Company

Designers

Stefano Cavazzana

Born in Mestre in 1966, he earned a first-class degree in architecture at the Istituto Universitario di Architettura in Venice. In his office in Mestre he deals with architecture, design and corporate graphic art. Special mention Young & Design 1997, 2000 and 2001; special mention 2008 Premio Oderzo for design, special mention I.DOT 2008. In each of his projects, be it design or graphics, he tries to find “the idea” for simple, accessible and durable products, nothing ephemeral or makeshift. This creed is seen especially in his furniture designs. Since his furniture always responds to the needs of modern living, it is never invasive or loud but functional and elegant. And the designer’s style can always be perceived. Perhaps the most complicated side of the designer’s craft is trying to understand a company in order to foster its progress in terms of image and product. This is done by thinking not exclusively about the object in question, but about the style and overall identity the company has or must have. In his opinion, a project must be considered in all its many aspects, as a whole, in order to make a firm successful.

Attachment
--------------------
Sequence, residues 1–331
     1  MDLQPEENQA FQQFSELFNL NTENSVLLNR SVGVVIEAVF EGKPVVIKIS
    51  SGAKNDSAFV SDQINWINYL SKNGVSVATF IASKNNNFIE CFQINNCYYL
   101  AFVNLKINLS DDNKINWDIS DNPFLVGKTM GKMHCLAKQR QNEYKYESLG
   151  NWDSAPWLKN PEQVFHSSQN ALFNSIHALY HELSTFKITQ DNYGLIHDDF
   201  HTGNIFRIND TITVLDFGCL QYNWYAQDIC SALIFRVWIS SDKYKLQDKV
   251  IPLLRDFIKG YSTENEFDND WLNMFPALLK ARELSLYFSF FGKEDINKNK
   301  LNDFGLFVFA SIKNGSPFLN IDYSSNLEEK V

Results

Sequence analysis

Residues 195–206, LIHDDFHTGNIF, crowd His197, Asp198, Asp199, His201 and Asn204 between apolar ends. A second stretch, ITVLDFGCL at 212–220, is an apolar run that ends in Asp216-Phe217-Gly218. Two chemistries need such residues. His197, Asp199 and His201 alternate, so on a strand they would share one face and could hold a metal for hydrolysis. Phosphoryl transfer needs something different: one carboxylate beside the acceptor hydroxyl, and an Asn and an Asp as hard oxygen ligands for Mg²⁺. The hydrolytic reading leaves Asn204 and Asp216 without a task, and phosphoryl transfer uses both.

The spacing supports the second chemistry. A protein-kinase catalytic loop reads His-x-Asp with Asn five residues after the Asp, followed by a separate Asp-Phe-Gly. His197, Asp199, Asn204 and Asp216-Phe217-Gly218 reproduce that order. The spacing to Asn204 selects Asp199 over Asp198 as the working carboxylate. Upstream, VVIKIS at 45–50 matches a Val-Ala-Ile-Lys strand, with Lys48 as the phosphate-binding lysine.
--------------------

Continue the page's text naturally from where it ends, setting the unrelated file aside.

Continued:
Pierangelo Sciuto

Pierangelo Sciuto carries out his activities in Brescia, where he was born in 1961. He graduated from the Polytechnic Institute of Milan in Architectural Planning. In 1988 he established the firm “Sciuto Design”, with the intent to create a meeting place for professionals from a variety of backgrounds in order to allow them to compare experiences and fi nd new sources of inspiration in their search for innovative trends. Pierangelo Sciuto is the director of this laboratory of ideas, and with his range of professional experiences, from industrial design to private construction and development, he is on a quest to fi nd new trends not only in the fi eld of design, but also in the way these trends are communicated, which is an integral part of his original idea. Since the mid 1990s, he has been a promoter of a technological and innovative architecture for both the use of materials and the types of solutions offered. In the late 1990s he defi ned a trend that became known as poly-sensorial architecture, which involves the quest for a perfect sensorial stimulus as a primary design concept. Since 1994 he has worked as Artistic Director for a number of major companies in the furniture industry, providing consulting services and designing their product collections as well.
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